# Is this definite integral impossible?

From my understanding when you integrate $f(x)$ you get $F(x)+C$, and when finding a definite integral the $C's$ cancels out due to subtraction. However, I came across an example where the $C$ doesn't cancel out: so I started with the following differential equation: $$(1+x^2) \frac{dy}{dx}=2xy$$ and suppose I wanted to find the area under $dy/dx$ between $a$ and $b$. All you simply have to do is find $y$, evaluate at $b$ and $a$, and subtract. The solution to this equation is $y=(x^2+1)e^C$.

Now if you evaluate and subtract, you get $(b^2+1)e^C-(a^2+1)e^C$. Is this integral impossible unless I have more information which allows me to determine $C$? Thanks!

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Solving a differential equation is not the same as an indefinite integral. –  Thomas Andrews Apr 28 '13 at 22:45
With differential equations, you usually gain the constant from initial or boundary conditions. Do you have those? –  icurays1 Apr 28 '13 at 22:45
What exactly are you trying to integrate in your differential equation example? –  wj32 Apr 28 '13 at 22:46
The OP wants to find $\displaystyle \int \limits_{a}^{b}y'(x)dx$, for some $a,b$ that make sense. –  Git Gud Apr 28 '13 at 22:47

You already got that there exists $C\in \Bbb R$ such that for all $x\in I$, (where $I$ in some interval), $y(x)=(x^2+1)e^C$.

Allow me to change the variable for the sake of trying to enlighten you: there exists $K\in \Bbb R$ such that for all $x\in I$, $y(x)=(x^2+1)e^K$. (Forget about $C$).

It is true that $y$ is a fixed solution to the differential equation, period.

You wish to find $\displaystyle \int \limits_{a}^b y'(x) \,dx$, where $a,b\in I$.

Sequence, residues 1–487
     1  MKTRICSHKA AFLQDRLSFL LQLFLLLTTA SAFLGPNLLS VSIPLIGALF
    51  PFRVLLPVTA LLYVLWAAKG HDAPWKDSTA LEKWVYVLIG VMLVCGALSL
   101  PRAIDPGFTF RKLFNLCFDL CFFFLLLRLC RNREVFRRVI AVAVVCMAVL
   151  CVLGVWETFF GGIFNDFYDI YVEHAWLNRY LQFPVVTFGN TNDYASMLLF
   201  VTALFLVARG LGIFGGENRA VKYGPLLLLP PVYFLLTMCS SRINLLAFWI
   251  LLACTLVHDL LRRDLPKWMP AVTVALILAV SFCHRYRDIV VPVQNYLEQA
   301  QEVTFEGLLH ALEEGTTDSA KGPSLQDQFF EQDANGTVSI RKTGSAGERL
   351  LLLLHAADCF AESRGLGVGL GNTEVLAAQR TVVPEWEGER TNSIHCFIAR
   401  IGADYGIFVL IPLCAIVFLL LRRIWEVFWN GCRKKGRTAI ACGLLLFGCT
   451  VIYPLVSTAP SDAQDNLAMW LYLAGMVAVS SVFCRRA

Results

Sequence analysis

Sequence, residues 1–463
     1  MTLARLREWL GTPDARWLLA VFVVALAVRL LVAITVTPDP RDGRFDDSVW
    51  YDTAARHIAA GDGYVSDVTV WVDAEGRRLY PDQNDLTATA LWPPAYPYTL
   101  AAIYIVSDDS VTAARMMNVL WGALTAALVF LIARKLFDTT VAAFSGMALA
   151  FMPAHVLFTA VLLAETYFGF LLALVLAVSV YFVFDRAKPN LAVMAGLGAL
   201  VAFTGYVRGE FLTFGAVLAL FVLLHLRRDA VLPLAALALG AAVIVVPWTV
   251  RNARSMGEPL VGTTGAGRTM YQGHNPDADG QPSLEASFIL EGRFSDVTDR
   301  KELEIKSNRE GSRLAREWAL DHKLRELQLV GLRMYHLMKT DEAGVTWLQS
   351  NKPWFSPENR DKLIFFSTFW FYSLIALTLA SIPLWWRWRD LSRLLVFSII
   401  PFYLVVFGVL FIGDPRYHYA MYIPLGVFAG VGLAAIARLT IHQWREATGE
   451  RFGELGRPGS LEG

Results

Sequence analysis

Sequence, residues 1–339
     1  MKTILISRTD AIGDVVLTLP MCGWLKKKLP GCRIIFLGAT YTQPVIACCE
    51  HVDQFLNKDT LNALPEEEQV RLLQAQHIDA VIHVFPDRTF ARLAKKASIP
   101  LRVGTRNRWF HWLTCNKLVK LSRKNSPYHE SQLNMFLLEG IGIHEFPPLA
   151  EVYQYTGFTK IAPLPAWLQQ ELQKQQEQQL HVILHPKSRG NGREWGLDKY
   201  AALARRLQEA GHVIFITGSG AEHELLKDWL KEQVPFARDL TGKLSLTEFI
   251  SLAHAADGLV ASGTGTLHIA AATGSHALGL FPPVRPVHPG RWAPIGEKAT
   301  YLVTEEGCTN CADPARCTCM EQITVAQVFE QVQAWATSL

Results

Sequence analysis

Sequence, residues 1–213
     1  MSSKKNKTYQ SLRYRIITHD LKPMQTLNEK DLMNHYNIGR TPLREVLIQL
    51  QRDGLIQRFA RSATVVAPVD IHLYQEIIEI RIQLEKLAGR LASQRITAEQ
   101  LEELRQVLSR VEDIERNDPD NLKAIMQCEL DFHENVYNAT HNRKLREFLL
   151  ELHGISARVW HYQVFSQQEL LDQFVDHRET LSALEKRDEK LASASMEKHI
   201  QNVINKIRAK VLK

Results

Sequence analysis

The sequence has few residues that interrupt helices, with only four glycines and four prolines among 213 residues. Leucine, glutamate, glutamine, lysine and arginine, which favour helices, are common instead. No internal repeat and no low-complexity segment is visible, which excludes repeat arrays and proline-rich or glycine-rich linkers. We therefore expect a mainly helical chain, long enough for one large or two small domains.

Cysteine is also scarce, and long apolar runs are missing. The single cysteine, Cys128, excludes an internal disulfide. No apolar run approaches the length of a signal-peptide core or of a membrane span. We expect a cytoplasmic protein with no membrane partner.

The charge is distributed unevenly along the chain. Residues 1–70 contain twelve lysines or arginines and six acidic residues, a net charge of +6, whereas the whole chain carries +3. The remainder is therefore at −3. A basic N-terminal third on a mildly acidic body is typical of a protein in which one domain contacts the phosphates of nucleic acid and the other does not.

You know $y$ is an antiderivative for $y'$. Therefore the set of antiderivatives for $y'$ (in the interval $I$) is $\left\{Y\in \Bbb R^I: (\exists C\in \Bbb R)(\forall x\in I)\left(Y(x)=y(x)+C\right)\right\}$.

Take any antiderivative $Y$ of $y$. There exists $C\in \Bbb R$ such that $Y(x)=y(x)+C=(x^2+1)e^K+C$.

And you know that \begin{align} \displaystyle \int \limits_{a}^b y'(x) \,dx&=Y(b)-Y(a)\\&=(b^2+1)e^K+C-(a^2+1)e^K-C \\ &=(b^2-a^2)e^K\end{align}

This is well defined, there's nothing wrong with it because $y$ was a fixed solution to the differential equation, which means $(b^2-a^2)e^K$ is a real number.

Javier on his answer says $y$ isn't completly specified. I say exactly the opposite, but we're not contradicting each other, we're using specified with different meanings.

This comes down to the same similar problem. Let $X=\{a,b,c\}$. Let $x\in X$. I say $x$ is specified (or fixed) while Javier says it isn't speficied because we don't know what $x$ is, but both of us will work with $x$ in the same way.

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Oh thanks I see. And the cause of $y$ not being well defined in the first place is because $dy/dx$ is also not well defined. If $y=(x^2+1)e^C$, then $dy/dx=2(e^C)x$ –  Ovi Apr 28 '13 at 23:08
@Ovi I don't like your choice of words, but you have right idea :) –  Git Gud Apr 28 '13 at 23:14

Your constant doesn't come from integrating $y'$. Rather, it comes from the fact that since you haven't specified an initial condition, $y$ isn't completely specified from the differential equation. Take a look: you say that solution is $(x^2+1)e^C$. You haven't integrated $y'$ yet, but you still don't know $y$ until you pick a value for $C$. And when that happens, then you can evaluate $y(b)-y(a)$.

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The purpose of solving an ordinary differential equation (using the standard variables $x$ and $y$) is to find the the value of $y$ for a specified $x$ given the differential equation and the initial values.

Subtracting the values makes no sense in this case.

In your case, you have a family of solutions, one for each value of $C$.

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